Yesterday marked the beginning of the Islamic holy month of Ramadan. For the next 30 days many Muslims across the world will be fasting – abstaining from drinking, eating, and smoking during the daylight hours.
How Ramadan will affect your travels in Muslim countries varies across the Islamic world, within these countries, and even among the populations themselves.
When Is Ramadan?
Ramadan follows the lunar calendar and moves back approximately 11 days every (solar) year. In 2008 the dates are from September 1 through September 30.
Should I Cancel My Travel Plans?
No – but you need to be aware of the local laws and respect the regional customs. Most Muslim countries, including 28 in Africa, accept that foreigners won’t be fasting and many major hotels will continue to serve food. Keep in mind that in some countries like the United Arab Emirates and Qatar it is illegal to eat, drink, or smoke in public during Ramadan.
In other places, like Turkey, many restaurants will be open (varies by city), however they might not serve alcohol for the length of Ramadan. Turkey Travel Planner points out that while it is not illegal, it is impolite to eat, drink, and smoke in public or around those fasting.
Always look up the local and national laws regarding Ramadan and check with your embassy (you can find yours with Embassy World.)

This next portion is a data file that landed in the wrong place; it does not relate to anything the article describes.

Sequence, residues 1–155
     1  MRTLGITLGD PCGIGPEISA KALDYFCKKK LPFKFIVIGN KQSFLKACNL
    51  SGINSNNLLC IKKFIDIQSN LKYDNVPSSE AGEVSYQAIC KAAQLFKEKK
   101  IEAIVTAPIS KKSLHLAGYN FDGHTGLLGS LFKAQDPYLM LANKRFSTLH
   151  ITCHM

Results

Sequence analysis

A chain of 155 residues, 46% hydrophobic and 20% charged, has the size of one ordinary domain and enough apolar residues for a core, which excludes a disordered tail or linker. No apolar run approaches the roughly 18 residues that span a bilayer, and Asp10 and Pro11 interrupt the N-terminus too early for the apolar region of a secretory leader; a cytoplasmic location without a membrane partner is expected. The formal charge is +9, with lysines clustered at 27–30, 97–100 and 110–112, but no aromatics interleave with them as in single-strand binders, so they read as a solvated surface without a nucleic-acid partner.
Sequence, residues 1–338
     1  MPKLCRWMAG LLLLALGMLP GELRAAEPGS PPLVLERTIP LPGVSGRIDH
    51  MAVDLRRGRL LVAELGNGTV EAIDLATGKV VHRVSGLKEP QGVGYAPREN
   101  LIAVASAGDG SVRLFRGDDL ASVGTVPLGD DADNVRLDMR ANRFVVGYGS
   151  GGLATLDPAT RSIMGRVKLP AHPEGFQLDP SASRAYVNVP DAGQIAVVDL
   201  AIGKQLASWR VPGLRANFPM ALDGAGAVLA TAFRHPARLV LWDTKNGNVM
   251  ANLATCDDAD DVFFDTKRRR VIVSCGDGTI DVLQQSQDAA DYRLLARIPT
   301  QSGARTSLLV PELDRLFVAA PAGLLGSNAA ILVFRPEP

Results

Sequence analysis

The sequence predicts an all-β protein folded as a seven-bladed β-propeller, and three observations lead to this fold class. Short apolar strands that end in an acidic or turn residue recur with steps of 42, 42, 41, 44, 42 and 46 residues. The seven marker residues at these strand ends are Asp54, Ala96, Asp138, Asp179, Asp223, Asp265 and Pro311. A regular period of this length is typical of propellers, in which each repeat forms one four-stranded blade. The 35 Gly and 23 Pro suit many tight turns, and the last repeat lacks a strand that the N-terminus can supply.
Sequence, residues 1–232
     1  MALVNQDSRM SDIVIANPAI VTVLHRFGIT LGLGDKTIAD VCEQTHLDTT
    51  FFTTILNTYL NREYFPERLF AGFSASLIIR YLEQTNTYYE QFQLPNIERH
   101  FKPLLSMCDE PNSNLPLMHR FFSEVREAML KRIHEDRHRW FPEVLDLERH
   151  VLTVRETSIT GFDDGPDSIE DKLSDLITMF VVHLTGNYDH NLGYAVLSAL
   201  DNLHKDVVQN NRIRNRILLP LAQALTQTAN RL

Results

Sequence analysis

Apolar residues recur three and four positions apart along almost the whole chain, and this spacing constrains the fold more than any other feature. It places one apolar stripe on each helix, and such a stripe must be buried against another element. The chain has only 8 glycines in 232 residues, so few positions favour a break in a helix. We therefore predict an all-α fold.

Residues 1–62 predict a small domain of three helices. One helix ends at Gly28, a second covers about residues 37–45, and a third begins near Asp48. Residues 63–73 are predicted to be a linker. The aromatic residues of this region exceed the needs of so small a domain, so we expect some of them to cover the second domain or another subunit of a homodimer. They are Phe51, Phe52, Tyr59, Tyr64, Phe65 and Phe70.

What Are The Advantages Of Visiting During Ramadan?
You can even join in at Iftar (breaking of the fast) at local restaurants, which will be packed around sundown. It’s advisable to avoid the roads around this time as they will be packed and accidents tend to increase as people rush to meet family in time to eat.
Some Other Things To Keep in Mind
- It varies but in many places but (women especially) may be expected to dress (more) modestly.
- Expect drums and load music around 3am from the streets. This is done to wake people for Sahur, the early morning meal before the fast begins.
- Ramadan ends with a 3-day holiday (Eid al-Fitr) and everything (banks, stores, museums) will be closed; plan accordingly.
This advice is not limited to just predominantly Muslim countries, but anywhere in the world with large Muslim populations (India, for example). Check the local laws and customs and traveling to during Ramadan can be a unique and rewarding experience.
Have any questions or been traveling in the past during Ramadan? We’d like to hear from you, please leave some comments to better educate foXnoMad readers!